Until it started feeling lonely. It totally was! Cross my heart, this poor submarine was just begging for another song to join it on Tornado's bedroom wall. So without much ado, I snatched up a pencil and started to sketch. This one didn't require nearly as many colors, so I knew it would go on the wall fairly quickly. It did. And it got smeared just as quickly. Apparently, "Don't touch it; it's still wet!" translates into, "Hey, go tap on the freshly painted wall with your toys." I never did bother to remix some orange to paint. I have no illusions that I'll come up with the same shade of orange, and I'm not too keen on the idea of repainting the entire word. So it has brown spots. Oh well. It has character.

PoL 002

*swoon* Even in the goofy Sgt. Pepper's Lonely Hearts Club Band uniform, I would still ravish Paul. He was such a hottie.

Did I say that out loud? Damn right I did.

That takes us to this week. Tornado and I had been discussing putting another song on his wall. We knew what song, but it was a matter of figuring out how to do it. I finally had the brilliant idea of taking a still shot from that song clip in the movie Yellow Submarine: "All You Need Is Love." I'd embed the video, but I can't find it on YouTube. I stopped the video at 0:50, where John Lennon is running across the word LOVE, and here's what I did:

I taped some tissue paper across my computer monitor and used a pencil to very carefully trace the still. This would be my template to carry upstairs to Tornado's room. Next, I marked out a grid across the drawing with a ruler and another, much larger, grid on Tornado's bedroom wall using a level. I did the same with the yellow submarine. The idea was to simply use the grid as reference points to transfer a larger version of the picture onto the wall.


The first day included no paints at all. I managed to get the entire drawing onto the wall before leaving to get the spawn from school, but not before the idea for yet another song started brewing in my head. On the second day, I started painting. Something about his leg just didn't look right. I had to photograph it and stop and look for a while. That's what gave me the idea to start taking pictures of the process for this blog.

~ ~ ~ ~ ~
And here's where I apologize for being gone since October. I wrote a blog for Halloween; I'll share it soon.
~ ~ ~ ~ ~

PoL AYNiL 001

Then it hit me: he had no knee! I went back to the video to figure out how far out his knee was supposed to go. I had obviously missed it when I did my tracing.

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By this time, day three, I had already started the next song on the fourth wall of the room. It was another sketch-and-paint without gridding. I planned on only two colors, but that yellow was needing layer after layer to cover my pencil marks. Back to John and day four. Not counting a couple little mistakes (like the collar on his jacket) John was done, and he needed something to stand on. It was time to start working on the letters.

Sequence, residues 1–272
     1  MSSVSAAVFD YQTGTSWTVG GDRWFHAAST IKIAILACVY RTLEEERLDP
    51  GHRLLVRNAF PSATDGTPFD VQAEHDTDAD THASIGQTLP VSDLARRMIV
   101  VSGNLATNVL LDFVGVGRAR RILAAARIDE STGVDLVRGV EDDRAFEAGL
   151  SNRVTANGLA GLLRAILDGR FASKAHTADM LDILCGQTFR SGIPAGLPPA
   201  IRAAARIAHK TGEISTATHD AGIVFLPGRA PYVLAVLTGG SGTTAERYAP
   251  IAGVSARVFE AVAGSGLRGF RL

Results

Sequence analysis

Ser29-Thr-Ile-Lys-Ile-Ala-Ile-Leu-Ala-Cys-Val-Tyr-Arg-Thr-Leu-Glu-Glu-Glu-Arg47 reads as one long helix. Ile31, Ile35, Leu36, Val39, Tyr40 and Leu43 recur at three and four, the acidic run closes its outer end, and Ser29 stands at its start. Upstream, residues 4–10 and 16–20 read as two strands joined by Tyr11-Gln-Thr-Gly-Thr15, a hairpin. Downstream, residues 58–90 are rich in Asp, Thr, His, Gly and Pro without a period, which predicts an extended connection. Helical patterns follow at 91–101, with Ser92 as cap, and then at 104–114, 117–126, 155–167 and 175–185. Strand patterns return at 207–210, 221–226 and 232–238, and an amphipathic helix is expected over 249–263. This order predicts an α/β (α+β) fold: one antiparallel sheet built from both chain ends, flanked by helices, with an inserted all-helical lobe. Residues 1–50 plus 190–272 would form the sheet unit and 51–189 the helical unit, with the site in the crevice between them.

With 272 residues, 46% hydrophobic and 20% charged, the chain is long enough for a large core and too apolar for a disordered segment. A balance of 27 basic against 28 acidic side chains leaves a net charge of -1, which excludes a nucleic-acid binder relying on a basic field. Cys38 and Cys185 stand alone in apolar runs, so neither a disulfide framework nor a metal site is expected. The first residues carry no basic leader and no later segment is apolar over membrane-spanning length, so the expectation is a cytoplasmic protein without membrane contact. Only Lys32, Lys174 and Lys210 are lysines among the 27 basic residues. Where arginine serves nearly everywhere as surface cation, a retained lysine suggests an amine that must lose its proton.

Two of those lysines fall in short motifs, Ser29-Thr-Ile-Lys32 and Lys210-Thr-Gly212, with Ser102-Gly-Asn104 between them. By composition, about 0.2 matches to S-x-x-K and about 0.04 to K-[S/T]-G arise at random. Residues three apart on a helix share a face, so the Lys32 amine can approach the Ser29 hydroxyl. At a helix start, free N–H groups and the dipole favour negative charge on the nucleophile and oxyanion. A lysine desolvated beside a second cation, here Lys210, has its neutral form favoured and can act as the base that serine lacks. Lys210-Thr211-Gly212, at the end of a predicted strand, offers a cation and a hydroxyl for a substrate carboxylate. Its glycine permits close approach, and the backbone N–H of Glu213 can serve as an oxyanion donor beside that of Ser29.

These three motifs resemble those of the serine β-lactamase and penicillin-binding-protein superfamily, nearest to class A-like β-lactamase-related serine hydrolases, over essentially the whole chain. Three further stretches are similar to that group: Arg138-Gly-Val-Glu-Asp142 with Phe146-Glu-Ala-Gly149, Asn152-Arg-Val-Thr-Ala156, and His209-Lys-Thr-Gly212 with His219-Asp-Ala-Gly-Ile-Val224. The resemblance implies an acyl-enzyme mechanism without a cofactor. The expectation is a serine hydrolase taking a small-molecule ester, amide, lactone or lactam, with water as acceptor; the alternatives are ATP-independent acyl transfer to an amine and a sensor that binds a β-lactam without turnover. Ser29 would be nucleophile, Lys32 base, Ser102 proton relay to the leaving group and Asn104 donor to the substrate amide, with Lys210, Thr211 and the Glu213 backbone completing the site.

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The colors pop more than they do in the movie, but I just couldn't bring myself to fade them so much. These grey walls need some punch, and this particular painting was proving to be a lot of fun. Aside from the white and black on John and the cream of the letter O, all of the other colors had been mixed in the lid of a plastic container. I was particularly proud of the skin color: cream with a dot of yellow and a dot of red. The next day saw the letters go 3D. And I started working on fixing the mistake on the collar. It was driving me bonkers.

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There was one last thing I had to do to complete the image, and that was outline the letters in black. Tornado declined. He likes it the way it is. Alrighty then! That left the finishing touch: paint around it in the leftover grey to cover the grid lines.

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Looking good, John.

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Meanwhile, I had also finished this one.

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Shoe Laces

The Tornado of Destruction has destroyed another thing: his shoe laces. He ate the aglets off the ends, and the more he chews, the more fraying has happened. Fear not! There's a solution to everything.